The original publication from 1932 to 1934 of Nikolaj Ostrovskij’s How the Steel Was Tempered in the journal Molodaja gvardija received very little notice. Lost on its way to the publisher in 1928, the novel had to be re-written from memory (Ostrovskij had made only one copy of the manuscript), and was rejected three years later on the basis of the “unreality” of its characters. Only when it was re-submitted yet another time to a different editor, did the novel finally come to print, the publication of Part 1, in fragmented form, taking almost the whole of 1932. Still, this “model” socialist realist text remained in critical obscurity until 1934, when two things happened simultaneously: the concept of socialist realism was proclaimed as the dominant model for all artistic production; and one of the Soviet Union’s most prominent journalists, Mixail Kol′cov, writing a biographical sketch about the author, discovered the “mummy” that was Nikolaj Ostrovskij.
Quoting from the article, Lev Anninskij writes that Kol′cov’s “essay produced the impression of an explosion.” “Nikolaj Ostrovskij is lying prone, flat on his back, absolutely still,” wrote Kol’cov, “the blanket is wrapped around the long, thin, straight column of his body, like an eternal, non-removable case. A mummy. But inside this mummy something is alive. Yes. The thin hands—just the hands—move slightly. They are damp to the touch … . The face, too, is alive. Suffering has dried its contours, erased its colors, sharpened its edges … . The voice is calm, and even though it is quiet, it only sometimes shakes from exhaustion.”
Curiously, this image of Ostrovskij, as a barely moving, barely living mummy, gave the author and his novel the fame that would remain unchallenged until the end of Soviet rule. Ostrovskij spent the last fourteen months of his life in a house built for him by the government on the Black Sea coast, where he lived “like a living legend on the street named after himself,” his house being a “site of countless pilgrimages and an object of the greatest interest for foreign journalists.” The novel’s great “fame,” therefore, was based first and foremost on the journalist Kol′cov finding its author, Nikolaj Ostrovskij “lying prone, flat on his back … like a mummy.” Ostrovskij’s paralyzed body—the destruction of which he described in his novel—made the story that he told in Steel “real”: that is to say, there seemed to be an actual physical body that had been sacrificed for the “greatest happiness of mankind”—the Soviet regime.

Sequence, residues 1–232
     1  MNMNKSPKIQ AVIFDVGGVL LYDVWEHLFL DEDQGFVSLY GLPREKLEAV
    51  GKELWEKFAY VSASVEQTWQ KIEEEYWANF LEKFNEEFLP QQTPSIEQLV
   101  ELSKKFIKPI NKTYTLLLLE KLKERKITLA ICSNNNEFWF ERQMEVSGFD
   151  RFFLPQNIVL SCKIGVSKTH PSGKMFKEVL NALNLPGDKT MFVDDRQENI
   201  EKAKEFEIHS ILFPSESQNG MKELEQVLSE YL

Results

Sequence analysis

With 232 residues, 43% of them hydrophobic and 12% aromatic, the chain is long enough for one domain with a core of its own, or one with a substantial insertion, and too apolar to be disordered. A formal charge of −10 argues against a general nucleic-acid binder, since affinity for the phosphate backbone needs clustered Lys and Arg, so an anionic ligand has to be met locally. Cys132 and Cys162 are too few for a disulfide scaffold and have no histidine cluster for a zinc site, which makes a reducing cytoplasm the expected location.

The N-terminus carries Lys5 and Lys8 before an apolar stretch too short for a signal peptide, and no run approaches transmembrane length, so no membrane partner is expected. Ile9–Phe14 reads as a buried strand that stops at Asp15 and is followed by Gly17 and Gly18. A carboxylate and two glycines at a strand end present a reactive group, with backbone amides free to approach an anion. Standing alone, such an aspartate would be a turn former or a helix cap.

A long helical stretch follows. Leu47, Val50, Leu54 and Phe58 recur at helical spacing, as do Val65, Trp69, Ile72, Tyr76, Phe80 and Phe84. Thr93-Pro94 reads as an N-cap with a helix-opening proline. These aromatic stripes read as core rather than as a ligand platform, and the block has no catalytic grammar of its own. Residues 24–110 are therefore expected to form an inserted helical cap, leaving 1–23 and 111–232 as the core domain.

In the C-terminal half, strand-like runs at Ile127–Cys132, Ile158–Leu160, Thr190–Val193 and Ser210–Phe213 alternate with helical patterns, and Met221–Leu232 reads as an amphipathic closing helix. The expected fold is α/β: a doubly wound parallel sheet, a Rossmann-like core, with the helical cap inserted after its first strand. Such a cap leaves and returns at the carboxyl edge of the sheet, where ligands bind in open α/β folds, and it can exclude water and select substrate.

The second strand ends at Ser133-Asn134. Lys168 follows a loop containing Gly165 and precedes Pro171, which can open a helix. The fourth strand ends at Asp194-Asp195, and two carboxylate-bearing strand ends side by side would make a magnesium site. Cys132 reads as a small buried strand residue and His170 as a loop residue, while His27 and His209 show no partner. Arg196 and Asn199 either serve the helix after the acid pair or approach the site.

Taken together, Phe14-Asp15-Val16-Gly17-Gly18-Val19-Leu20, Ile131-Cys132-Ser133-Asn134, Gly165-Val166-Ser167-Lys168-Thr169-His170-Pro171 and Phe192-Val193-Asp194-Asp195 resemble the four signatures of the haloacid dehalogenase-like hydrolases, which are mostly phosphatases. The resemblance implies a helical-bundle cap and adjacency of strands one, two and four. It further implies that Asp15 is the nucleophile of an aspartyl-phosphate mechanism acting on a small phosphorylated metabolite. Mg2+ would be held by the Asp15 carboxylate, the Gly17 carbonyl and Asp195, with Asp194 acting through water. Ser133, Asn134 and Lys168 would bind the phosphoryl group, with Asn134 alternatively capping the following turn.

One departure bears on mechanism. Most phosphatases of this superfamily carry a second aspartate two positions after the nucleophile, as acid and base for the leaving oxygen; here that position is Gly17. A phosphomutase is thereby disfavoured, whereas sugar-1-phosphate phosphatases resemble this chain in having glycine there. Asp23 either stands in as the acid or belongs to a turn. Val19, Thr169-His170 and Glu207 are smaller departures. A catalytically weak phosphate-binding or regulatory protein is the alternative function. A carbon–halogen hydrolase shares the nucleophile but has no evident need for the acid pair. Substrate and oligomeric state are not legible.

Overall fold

What followed, however, was an intentional confusion on the part of everyone (including Ostrovskij’s wife) of Nikolaj Ostrovskij (the author, real, physical) and Pavka Korčagin (the fictional character and Ostrovskij’s invention), so that every incident of Korčagin’s life (Ostrovskij never claimed he was writing an autobiographical novel) was attributed back to the author. Thus, it was no longer possible to distinguish between the two, and some did not try: Ostrovskij’s wife, in her biography, instead of telling the story of her marriage with Nikolaj, quotes a passage directly from the novel instead—for her, the fictional narrative comes closer to representing the truth than her own words.
It seems, then, that the case of Ostrovskij/Korčagin underscores the particular difficulties involved in socialist realist negotiations of fiction and reality. Most skeptical Russians, raised on Steel and trips to Ostrovskij’s house, believe that it was Maksim Gor′kij and not Nikolaj Ostrovskij who wrote How the Steel Was Tempered; that Ostrovskij was nothing more than a body (broken, paralyzed, displaying the signs of its commitment to the socialist realist dream) picked as a perfect representation of a “new Soviet author”—someone who looked like he had “actually lived” through the experiences he described. Thus the text (Steel) and the body (Ostrovskij), which seemed at first to be linked by synecdoche (one is the product, “the part to the whole” of the other), were instead linked only metonymically (by association, but not through any actual connection). The negotiation of author, persona, and character suggests a process of literary mystification that has repercussions for the notion of individual authorship and collective production; and raises questions about the place of the author (body in the world) in relation to the final product (both text and authorial image).